Conference Brings Leading Game Music Scholars and Composers to Texas
Fort Worth, TX – Video game music has come a long way from bleeps and bloops. Today’s game soundtracks often equal film scores in quality, and this music is consumed in large amounts by millions of players every day: studies suggest that 58% of US citizens—and 97% of young adults—play video games, with an average weekly play time of around 8 hours. Concerts of game music regularly play to sellout audiences across the globe, as orchestras and bands cater to audiences eager to hear live versions of their favorite tunes.
Game music has also emerged as a major topic of academic study, and on January 17-18 many leadings game-music scholars and composers from across the US and Canada will gather in Fort Worth, TX on the campus of TCU for the North American Conference on Video Game Music. This conference will feature two days of presentations and discussions on all aspects of music in games, including new composition techniques, approaches to the analysis of game music, and case studies of specific games.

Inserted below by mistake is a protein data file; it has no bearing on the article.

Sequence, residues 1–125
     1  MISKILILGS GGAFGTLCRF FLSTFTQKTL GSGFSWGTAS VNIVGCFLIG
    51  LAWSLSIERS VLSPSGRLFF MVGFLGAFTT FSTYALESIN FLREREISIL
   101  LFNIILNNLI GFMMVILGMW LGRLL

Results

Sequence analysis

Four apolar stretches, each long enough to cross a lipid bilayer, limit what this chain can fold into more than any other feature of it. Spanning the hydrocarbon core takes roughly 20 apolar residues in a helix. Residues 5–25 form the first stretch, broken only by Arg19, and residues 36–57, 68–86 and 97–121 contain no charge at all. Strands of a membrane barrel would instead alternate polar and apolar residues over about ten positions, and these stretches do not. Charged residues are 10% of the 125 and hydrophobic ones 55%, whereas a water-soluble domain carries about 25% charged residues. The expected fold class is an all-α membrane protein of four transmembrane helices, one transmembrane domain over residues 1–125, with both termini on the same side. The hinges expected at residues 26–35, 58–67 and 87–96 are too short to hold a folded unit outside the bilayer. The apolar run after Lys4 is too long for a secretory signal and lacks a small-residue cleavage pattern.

The keynote address will be given by Winifred Phillips (Twitter: @winphillips), the award-winning composer for games including Assassin’s Creed: Liberation, God of War, Speed Racer, Total War Battles: KINGDOM, and six games in the popular LittleBigPlanet series, including LittleBigPlanet 3. Phillips is also the author of the bestselling book, A Composer's Guide to Game Music (The MIT Press, 2014), which recently was awarded the 2014 Global Music Award Gold Medal for an exceptional book in the field of music. (http://www.winifredphillips.
More information about the conference is available at http://vgmconference.weebly.
For further information or interviews, please contact:
Assistant Professor of Musicology
TCU School of Music